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Biotech Stock Roundup: Amgen Gets FDA Nod for Kanjinti, Regeneron Presents Data

11 hours 30 min ago

Key highlights of the past week include regulatory approvals, collaborations and pipeline updates.


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Thousands of big energy reps at UN climate talks: monitor

11 hours 34 min ago

Lobby groups representing some of the world's biggest polluters have sent thousands of delegates to negotiations aimed at limiting global warming since UN climate talks began, according to data obtained by AFP. The United Nations Framework Convention on Climate Change (UNFCCC) brings together nations, environmental groups, scientists and policymakers to work on measures to stave off the worst social, economic and ecological threats posed by runaway temperatures. Trade associations that represent oil and gas majors are entitled under the convention's own rules to attend annual UNFCCC talks and inter-sessional meetings as observers.


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Merck's Keytruda Gets 2nd Label Expansion Approval in June

11 hours 38 min ago

Merck (MRK) receives FDA approval for Keytruda's label expansion in small cell lung cancer indication, marking the drug's first approval in this indication.


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Tiny Earthquakes Shake Southern California Every 3 Minutes

11 hours 40 min ago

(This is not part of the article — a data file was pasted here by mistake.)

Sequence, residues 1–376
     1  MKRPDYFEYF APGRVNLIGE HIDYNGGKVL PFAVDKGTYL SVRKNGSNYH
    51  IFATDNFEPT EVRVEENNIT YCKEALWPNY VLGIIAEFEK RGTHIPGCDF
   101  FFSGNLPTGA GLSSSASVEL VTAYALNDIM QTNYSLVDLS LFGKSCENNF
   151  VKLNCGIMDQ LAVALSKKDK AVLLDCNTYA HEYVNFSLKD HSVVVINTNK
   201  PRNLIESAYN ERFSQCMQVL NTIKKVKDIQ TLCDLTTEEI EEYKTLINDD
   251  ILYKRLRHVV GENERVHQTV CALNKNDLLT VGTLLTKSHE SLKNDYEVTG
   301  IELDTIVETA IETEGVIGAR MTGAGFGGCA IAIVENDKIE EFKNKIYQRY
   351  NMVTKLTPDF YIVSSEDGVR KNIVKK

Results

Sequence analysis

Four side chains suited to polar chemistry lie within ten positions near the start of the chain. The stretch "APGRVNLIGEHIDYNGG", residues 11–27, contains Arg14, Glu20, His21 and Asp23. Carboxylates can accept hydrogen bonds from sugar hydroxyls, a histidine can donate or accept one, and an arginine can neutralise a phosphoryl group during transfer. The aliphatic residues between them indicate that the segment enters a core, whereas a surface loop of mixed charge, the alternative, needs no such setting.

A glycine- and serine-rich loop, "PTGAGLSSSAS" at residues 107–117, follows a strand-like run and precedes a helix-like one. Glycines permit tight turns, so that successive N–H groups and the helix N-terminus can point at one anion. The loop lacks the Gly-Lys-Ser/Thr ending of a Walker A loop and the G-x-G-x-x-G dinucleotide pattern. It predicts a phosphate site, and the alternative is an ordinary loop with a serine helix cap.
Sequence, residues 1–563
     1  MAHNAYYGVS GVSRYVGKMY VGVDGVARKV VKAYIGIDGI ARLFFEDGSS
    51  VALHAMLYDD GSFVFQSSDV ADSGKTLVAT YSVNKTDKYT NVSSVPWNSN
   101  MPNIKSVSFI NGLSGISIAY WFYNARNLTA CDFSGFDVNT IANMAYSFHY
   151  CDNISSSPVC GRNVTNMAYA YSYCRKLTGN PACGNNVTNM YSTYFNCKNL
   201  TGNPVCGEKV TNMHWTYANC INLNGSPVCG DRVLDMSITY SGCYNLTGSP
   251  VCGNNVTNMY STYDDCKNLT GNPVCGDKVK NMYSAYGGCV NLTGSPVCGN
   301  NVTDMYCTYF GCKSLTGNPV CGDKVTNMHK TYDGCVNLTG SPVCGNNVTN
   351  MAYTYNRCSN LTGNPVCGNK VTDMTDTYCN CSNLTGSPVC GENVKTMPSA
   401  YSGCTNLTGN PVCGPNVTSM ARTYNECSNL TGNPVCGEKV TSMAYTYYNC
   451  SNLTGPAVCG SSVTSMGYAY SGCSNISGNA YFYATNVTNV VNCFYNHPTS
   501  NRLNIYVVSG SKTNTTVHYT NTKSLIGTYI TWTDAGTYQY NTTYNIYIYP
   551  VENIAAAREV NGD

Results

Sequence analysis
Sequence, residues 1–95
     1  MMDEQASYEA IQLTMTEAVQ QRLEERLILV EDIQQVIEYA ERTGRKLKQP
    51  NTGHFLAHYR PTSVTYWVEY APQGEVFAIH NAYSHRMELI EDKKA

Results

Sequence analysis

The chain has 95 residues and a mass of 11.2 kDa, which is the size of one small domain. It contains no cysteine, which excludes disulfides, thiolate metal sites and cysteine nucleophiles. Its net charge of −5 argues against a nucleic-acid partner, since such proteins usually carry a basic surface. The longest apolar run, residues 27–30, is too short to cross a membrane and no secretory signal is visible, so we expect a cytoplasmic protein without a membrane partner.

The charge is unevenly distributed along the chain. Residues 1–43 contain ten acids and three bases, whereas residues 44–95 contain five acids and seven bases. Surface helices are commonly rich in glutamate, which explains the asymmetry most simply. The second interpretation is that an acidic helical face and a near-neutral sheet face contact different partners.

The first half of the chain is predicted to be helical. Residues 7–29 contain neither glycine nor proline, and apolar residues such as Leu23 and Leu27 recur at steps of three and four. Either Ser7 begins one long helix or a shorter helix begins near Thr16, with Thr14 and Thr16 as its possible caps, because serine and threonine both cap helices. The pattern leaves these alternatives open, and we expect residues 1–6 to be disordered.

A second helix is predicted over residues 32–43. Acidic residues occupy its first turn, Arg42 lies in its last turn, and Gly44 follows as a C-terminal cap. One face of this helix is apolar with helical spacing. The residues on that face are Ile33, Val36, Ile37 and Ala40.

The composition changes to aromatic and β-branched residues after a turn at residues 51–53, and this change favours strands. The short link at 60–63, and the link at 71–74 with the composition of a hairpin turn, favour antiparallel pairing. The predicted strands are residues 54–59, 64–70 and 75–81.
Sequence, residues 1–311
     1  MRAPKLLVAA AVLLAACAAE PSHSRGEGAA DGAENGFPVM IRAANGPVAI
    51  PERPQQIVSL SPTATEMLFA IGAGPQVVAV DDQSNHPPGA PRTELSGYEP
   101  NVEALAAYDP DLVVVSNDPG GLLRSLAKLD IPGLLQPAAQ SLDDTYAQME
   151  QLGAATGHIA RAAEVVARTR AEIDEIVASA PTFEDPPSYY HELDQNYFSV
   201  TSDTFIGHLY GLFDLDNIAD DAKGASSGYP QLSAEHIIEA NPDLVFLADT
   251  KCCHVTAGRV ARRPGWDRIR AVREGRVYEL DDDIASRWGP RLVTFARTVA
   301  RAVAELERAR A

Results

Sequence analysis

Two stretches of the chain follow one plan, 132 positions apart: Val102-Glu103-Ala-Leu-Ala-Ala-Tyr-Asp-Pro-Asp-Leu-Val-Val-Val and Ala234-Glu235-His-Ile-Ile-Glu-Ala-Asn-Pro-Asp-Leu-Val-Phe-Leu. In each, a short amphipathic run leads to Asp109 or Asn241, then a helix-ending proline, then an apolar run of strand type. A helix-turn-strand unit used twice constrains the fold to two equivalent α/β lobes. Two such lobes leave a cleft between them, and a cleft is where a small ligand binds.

Southern California is a lot shakier than ever before realized. According to a new study, a tiny earthquake rumbles through the southern portion of the Golden State every 3 minutes.These temblors won't knock down walls or send palm trees swaying. In fact, they're too small for even typical seismic instruments to regularly detect. But their discovery reveals seismic activity that scientists couldn't previously detect. Understanding the full pattern of activity should help seismologists understand how larger earthquakes get started and how quakes can trigger one another."The Earth is failing all the time," said study author Zachary Ross, a postdoctoral researcher in geophysics at the California Institute of Technology. "What really starts to come out is that these events, they're really communicating with each other in space and time." [13 Crazy Earthquake Facts]Missing piecesHumanity is naturally most interested in large, damaging earthquakes, Ross told Live Science, the kind that take lives and bring cities to a standstill. But those quakes don't happen on the same time scale as human lifetimes. On a single fault, one big quake might occur every century, or even every thousand years.Smaller quakes are a lot more frequent. For each drop in unit of magnitude, there are 10 times more quakes, Ross said -- so for every magnitude 7.0 temblor, for example, there are 10 magnitude 6.0 quakes, 100 magnitude 5.0 quakes and so on.Even seismometers don't easily differentiate the smallest of these shakes from the background noise of the environment, Ross said. The standard catalog of Southern California quakes put out by Caltech and the U.S. Geological Survey catches everything of magnitude 1.7 and above, he said.Now, Ross and his team have found a way to tease out quakes as small as magnitude 0.3 from that same data. The trick, Ross said, is that two quakes with similar epicenters will show almost the same pattern of shaking on a seismogram, even if one is much larger than the other. The researchers used known earthquakes as templates, searching for smaller but otherwise identical squiggles in the earthquake record.Revealing new patternsThe method turned up a whopping 1.8 million tiny twins to known quakes over a period of 10 years. From 2008 to 2017, Southern California experienced an average of 495 tiny quakes a day, one every 174 seconds, Ross and his colleagues reported today (April 18) in the journal Science.As staggering as those numbers are, they're exactly what you'd expect given the rule of thumb of 10 times as many quakes per unit of magnitude, Ross said."We get ten times as much information now, and it should be allowing us to test out all sorts of new things that we couldn't have done in the past," he said.One example: In 2012, California's Imperial Valley experienced a series of earthquakes known as the Brawley Earthquake Storm. There were hundreds of tiny quakes, and two slightly damaging ones reaching magnitudes of 5.3 and 5.5. Using the newly fleshed-out data set, Ross and his team found that this earthquake swarm actually began with 10 additional hours of subtle, previously unnoticed shaking.The team also used the data to investigate the aftermath of the 7.2-magnitude El Mayor-Cucapah earthquake that shook Baja California, Mexico, in 2010. There was a noticeable spike in extremely low-level quakes for the week after that shock at distances up to 170 miles (275 kilometers) away from the fault, the researchers found. These nearly undetectable shifts could explain how quakes affect each other over long distances, Ross said.The same template-matching technique could be useful far beyond Southern California, Ross added. Any region or country with a good seismic network and high-quality data record could search their own history for tiny quakes, he said."I think this is going to really lead to a whole new wave of scientific analysis," he said. * Image Gallery: This Millennium's Destructive Earthquakes * Northridge Earthquake: 20th Anniversary in Photos * Deadliest Earthquakes in HistoryOriginally published on Live Science.